Friday, December 21, 2007

SquireCast Interview: Part 3

Today I'm bringing you the third and final installment in the SquireCast interview with Kent's answers. Enjoy and don't forget to listen to the latest SquireCast; it's a Christmas episode and it's embedded at the bottom of the interview for your listening pleasure.

How did the original Squire show get started?
It's a great story -- we should tell it on air sometime. The short version is that we participated in a college radio promotion that involved meeting some DJs, and they told us that it was pretty easy to get a show on the radio station -- even though we were only in high school at the time. We were on the air from 1995-2000, in a few different incarnations.

What was your favorite part of being on the show back then?
As a certified music snob, I've always enjoyed forcing my listening tastes on the audience. Umm, I mean, introducing people to great new music.
Also, interacting with the listeners was always a hallmark of the show -- taking requests, holding contests, having an internet presence. I think it helped us get a loyal following of people who would tune in every week. Plus, we got to meet a lot of chicks.

Whose idea was it to "get the band back together?"
Mostly Rob. He and I had always talked about how much we missed doing radio. He and Joe looked into the technology and figured out a way to easily record a podcast with all of us in different places. I was psyched from the start.

How did you want to new show to resemble and/or differ from the old show?
We're trying to keep the podcast as similar to our old radio show as possible. Even though the music is edited in later after we record all our talk breaks, we still listen to the songs that we're going to play in between as if we were recording a continuous show. It helps us feel like we're still in "the studio" and get in a radio mindset.

How does podcasting change the nature of what you were doing on the radio?
The main difference is that it allows us to edit parts of the show. If a part of our talk break don't sound right, or if it just sucks, we can edit it. We can also add production and liners after we record to make a better overall show. Of course, spontaneity is a big part of the show, so we really try to keep the editing to a minimum. If Rob starts rambling, or I make a reference that nobody understands, so what? That's who we are, that's part of the show.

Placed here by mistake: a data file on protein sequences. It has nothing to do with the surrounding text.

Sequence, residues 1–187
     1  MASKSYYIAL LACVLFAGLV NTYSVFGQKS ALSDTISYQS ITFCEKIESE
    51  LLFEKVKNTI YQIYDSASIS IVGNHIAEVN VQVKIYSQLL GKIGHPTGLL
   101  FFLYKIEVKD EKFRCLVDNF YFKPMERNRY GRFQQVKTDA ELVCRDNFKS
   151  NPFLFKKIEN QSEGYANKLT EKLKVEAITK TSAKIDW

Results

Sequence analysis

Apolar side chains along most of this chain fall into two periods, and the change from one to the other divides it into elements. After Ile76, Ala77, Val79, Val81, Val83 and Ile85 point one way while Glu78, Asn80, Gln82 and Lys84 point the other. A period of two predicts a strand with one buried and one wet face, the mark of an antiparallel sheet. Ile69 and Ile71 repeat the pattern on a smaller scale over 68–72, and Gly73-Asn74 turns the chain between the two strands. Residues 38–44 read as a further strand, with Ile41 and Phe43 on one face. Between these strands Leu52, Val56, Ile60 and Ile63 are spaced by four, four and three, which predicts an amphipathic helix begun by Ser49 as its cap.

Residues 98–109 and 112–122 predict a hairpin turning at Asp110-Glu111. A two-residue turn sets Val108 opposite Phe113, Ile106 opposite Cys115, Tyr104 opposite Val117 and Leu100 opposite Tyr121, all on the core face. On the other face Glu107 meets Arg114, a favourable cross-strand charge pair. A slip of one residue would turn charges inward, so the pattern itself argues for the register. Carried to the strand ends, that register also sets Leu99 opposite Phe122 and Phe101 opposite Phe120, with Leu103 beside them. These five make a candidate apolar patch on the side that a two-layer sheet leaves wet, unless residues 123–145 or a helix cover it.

How do you choose music to play?
Rob and I basically split song choices evenly. Joe gets one song a week, and we try to play about two requests a week also. We tend to pick our songs out beforehand, but Rob and I don't know what the other one is going to play until we start recording. It helps keep it fresh.

As far as my personal choices, I try to always include a few newer songs, and add some of my favorite older tunes or bands. Of course, one of the best things about podcasting vs. radio is that we can play anything, without having to worry about format or FCC restrictions -- as Rob so eloquently demonstrated during Episode #4.

What has been your favorite SquireCast so far and why?
I would say Episode #2. Even though it probably made me look like a obsessive freak, it was absolutely hilarious. It really shows the advantages to recording a podcast and being able to add production and piece together other elements to make a high-quality, entertaining show.

What can listeners expect in the future?
We're still tweaking with the show structure and format to figure out what makes everything flow the best. We might add some more regular features, similar to Joe's Pick of Week, but not necessarily on every episode. Listener feedback is the best way to gauge how we're doing, so I encourage everyone to let us know what you think.

Listen now:

Related posts:
SquireCast Interview: Part 1
SquireCast Interview: Part 2


Mother Wintermoon said...

Greetings May. I'm reading your posts and enjoying the variety of interesting topics you cover!

Happy Holiday and a Blissful New Year to you, MW

May said...

Happy Holidays to you, too. :) Thanks for reading.